Acute pancreatitis is sudden inflammation of the pancreas that may be mild or life threatening but usually subsides.
Gallstones (biliary tract disease—see Gallbladder and Bile Duct Disorders: Gallstones) and constant, heavy alcohol abuse account for almost 80% of hospital admissions for acute pancreatitis. About 1½ times as many women as men have acute pancreatitis caused by gallstones. Normally, the pancreas secretes pancreatic fluid through the pancreatic duct to the duodenum. This pancreatic fluid contains inactive digestive enzymes and inhibitors that inactivate any enzymes that become activated on the way to the duodenum. Blockage of the pancreatic duct by a gallstone stuck in the sphincter of Oddi stops the flow of pancreatic fluid. Usually, the blockage is temporary and causes limited damage, which is soon repaired. But if the blockage remains, activated enzymes accumulate in the pancreas, overwhelm the inhibitors, and begin to digest the cells of the pancreas, causing severe inflammation.
Drinking more than 3½ ounces of alcohol a day (the amount contained in about a bottle of wine, 8 bottles of beer, or 10 ounces of liquor) for more than 3 to 5 years may cause the small ductules in the pancreas that drain into the pancreatic duct to clog, eventually causing acute pancreatitis. An attack of pancreatitis may be triggered by an alcoholic binge or by an excessively large meal. Many other conditions can also cause acute pancreatitis.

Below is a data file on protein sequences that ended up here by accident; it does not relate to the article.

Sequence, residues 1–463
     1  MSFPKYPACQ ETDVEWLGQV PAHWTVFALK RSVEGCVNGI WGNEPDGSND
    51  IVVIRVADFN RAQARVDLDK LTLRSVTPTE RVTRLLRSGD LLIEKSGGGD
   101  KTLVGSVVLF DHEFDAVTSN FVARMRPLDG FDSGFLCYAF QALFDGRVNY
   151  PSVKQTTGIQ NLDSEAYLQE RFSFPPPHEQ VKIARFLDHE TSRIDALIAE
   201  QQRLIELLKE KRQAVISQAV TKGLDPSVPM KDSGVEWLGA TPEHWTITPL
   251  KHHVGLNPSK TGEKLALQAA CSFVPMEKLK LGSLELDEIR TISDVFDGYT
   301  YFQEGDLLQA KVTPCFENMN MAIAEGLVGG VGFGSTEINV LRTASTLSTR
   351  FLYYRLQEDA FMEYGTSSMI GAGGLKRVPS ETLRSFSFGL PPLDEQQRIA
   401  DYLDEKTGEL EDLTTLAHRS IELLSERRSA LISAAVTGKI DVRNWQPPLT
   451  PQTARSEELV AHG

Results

For some people, acute pancreatitis is hereditary. Gene mutations that predispose people to developing acute pancreatitis have been identified. People who have cystic fibrosis or carry the cystic fibrosis genes have an increased risk of developing acute as well as chronic pancreatitis.
Many drugs can irritate the pancreas. Usually, the inflammation resolves when the drugs are stopped. Viruses can cause pancreatitis, which is usually short-lived.
Almost everyone with acute pancreatitis has severe abdominal pain in the upper abdomen, below the breastbone (sternum). The pain penetrates to the back in about 50% of people. Rarely, the pain is first felt in the lower abdomen. When acute pancreatitis is caused by gallstones, the pain usually starts suddenly and reaches its maximum intensity in minutes. When pancreatitis is caused by alcoholism, pain develops over a few days. The pain then remains steady and severe, has a penetrating quality, and persists for days.